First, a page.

Quick Start | React Components

Quick Start | React Components

March 16, 2017

This tutorial provides a quick explanation of components and how to use them with React. Components are the basic building blocks for rendering DOM elements in React. Using components allows you to isolate your UI into individual units, each which takes a list of arguments and returns a React element. In this tutorial, we will build out several React components with both the functional and class component syntax.

NOTE: The following example is a continuation of Quick Start | React and uses webpack with babel. For more information on setting up a local environment for React, see Quick Start | React.

Creating Components With Functions

To create a basic component, we can define a function that takes a single argument (props). To follow proper naming convention, it is important that our function begin with a capital letter. Replace your index.js file with the following:


import React from 'react';
import ReactDOM from 'react-dom';

function Greeting(props){
  return <h1>Hello, {props.name}</h1>
const element = <Greeting name='Sam' />

This renders a component using the function syntax. See how we've defined a function that takes exactly one argument (props) and returns a React element, in this case <h1>Hello, {props.name}</h1>.

The curly brackets are simply referencing the name attribute of our props argument. Notice how we then define a constant element with <Greeting name='Sam'/>. This both creates a new instance of our component and assigns the name 'Sam' to the name attribute of the props argument. You can define as many properties as you like for your components. Just remember that they are set as attributes within the element itself.

Update HTML

In the script above, we are referencing the root element of the DOM tree. Let's update our index.html file so our component can render within the DOM. Add the following to your index.html somewhere between the <body> tags.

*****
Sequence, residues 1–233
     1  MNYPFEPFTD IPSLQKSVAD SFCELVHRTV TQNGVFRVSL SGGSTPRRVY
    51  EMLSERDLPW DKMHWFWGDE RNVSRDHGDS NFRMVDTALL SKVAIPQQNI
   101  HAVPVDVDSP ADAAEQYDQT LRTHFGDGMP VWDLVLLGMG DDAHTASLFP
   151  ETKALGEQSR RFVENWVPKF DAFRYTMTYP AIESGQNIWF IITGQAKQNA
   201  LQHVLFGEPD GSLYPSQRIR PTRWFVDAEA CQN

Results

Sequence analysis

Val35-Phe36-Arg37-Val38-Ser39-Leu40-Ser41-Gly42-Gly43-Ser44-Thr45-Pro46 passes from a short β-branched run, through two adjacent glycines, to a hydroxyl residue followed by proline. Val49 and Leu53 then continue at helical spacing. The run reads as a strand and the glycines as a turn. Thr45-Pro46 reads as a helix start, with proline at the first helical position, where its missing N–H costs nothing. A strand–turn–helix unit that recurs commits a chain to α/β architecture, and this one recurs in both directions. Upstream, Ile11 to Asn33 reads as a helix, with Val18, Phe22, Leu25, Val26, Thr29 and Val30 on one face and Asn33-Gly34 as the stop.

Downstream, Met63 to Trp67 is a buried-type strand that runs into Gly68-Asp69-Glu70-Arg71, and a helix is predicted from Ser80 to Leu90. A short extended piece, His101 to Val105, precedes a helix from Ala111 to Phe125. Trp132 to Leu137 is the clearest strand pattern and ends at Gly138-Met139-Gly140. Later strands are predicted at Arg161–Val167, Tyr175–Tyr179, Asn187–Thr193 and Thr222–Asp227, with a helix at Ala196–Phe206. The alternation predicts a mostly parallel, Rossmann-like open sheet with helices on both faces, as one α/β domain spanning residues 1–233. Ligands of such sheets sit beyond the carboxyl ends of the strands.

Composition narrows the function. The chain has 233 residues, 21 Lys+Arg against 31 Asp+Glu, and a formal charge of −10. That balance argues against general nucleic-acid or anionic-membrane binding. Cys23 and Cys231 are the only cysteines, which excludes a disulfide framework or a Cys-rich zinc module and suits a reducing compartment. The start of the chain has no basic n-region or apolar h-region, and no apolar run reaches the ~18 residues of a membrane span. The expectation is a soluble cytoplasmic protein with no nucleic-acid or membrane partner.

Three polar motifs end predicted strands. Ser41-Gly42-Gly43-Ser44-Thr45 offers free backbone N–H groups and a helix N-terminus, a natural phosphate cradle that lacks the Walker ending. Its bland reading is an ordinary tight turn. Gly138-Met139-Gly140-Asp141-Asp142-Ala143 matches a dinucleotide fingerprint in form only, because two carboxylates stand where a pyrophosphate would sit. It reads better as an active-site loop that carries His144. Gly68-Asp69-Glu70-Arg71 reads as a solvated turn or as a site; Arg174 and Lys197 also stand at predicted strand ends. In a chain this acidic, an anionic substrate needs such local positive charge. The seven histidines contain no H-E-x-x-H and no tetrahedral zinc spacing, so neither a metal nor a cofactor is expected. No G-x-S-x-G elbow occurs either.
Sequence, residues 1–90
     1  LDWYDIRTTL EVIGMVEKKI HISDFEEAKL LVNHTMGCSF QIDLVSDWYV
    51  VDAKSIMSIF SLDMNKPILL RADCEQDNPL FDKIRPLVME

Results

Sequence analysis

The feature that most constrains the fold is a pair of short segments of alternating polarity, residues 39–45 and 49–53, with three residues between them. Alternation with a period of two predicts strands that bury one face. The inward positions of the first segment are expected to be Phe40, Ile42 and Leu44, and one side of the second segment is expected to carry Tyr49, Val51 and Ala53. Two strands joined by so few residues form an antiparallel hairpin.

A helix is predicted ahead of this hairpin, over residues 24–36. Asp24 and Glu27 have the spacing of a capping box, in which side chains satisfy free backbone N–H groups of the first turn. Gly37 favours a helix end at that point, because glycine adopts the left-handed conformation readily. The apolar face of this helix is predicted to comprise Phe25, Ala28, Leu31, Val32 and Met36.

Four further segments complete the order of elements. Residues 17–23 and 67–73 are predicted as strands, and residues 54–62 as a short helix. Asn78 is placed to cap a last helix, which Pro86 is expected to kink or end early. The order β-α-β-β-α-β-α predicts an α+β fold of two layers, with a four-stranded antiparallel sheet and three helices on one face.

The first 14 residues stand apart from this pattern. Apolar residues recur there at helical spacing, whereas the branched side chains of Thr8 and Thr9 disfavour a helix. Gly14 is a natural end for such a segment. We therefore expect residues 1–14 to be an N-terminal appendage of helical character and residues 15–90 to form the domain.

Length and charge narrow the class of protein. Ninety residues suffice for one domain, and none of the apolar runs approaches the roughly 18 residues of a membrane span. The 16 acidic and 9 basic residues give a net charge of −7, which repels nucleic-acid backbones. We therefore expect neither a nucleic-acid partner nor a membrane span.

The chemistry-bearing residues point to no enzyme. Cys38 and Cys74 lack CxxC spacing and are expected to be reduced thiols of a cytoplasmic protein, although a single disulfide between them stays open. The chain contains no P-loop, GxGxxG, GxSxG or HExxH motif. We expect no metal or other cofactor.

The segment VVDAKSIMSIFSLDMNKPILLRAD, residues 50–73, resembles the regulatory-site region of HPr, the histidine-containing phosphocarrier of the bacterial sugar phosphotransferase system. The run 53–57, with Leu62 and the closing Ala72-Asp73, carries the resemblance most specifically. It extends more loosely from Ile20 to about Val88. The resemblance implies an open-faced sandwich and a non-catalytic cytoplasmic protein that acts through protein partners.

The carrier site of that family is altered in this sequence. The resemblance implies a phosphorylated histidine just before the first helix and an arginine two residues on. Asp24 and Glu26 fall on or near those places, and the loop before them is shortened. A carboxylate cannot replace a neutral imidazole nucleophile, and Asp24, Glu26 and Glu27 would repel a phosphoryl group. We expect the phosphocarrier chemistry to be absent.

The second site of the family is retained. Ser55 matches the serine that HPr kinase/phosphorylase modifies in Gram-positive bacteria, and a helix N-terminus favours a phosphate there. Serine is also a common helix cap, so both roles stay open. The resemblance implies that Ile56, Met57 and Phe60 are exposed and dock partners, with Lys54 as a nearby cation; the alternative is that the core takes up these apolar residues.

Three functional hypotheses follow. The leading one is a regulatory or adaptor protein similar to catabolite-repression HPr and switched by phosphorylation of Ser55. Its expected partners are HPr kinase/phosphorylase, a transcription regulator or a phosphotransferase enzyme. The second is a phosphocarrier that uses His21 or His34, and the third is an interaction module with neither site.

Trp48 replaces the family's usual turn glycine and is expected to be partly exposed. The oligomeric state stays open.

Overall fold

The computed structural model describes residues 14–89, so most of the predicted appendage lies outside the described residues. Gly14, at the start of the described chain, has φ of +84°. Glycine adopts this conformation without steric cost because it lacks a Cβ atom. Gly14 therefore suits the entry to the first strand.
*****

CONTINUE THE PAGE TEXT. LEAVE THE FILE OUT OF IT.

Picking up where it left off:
<div id='root'></>

This gives us an element with the correct id 'root' as referenced by our ReactDom.render() function. If everything is working correctly, you should now see 'Hello, Sam' when you open index.html in the browser. Please note if you are still using webpack/babel then you may need to run webpack to transpile your js.

Creating Components with Classes

If you are using ES6, then you can create components using class. In your index.html file, replace your Greeting function with the following:

class Greeting extends React.Component {
  render() {
    return <h1>Hello, {this.props.name}</h1>;

This does the exact same thing, just with a slightly different syntax. Notice how we've defined a Greeting class which is an extension of the React.Component class.


This is a quick example of how components are created and rendered using React. It should be noted that you can nest components within one another. Remember to keep components simple and independent of one another. This will allow you to save time and efficiently reuse UI components across your app.

Join the conversation...


have to say the functional syntax is more intuitive. i get how using class is the ES6 way but simply passing a prop object as an argument is just as simple.
Posted by Sam Erickson on March 16, 2017

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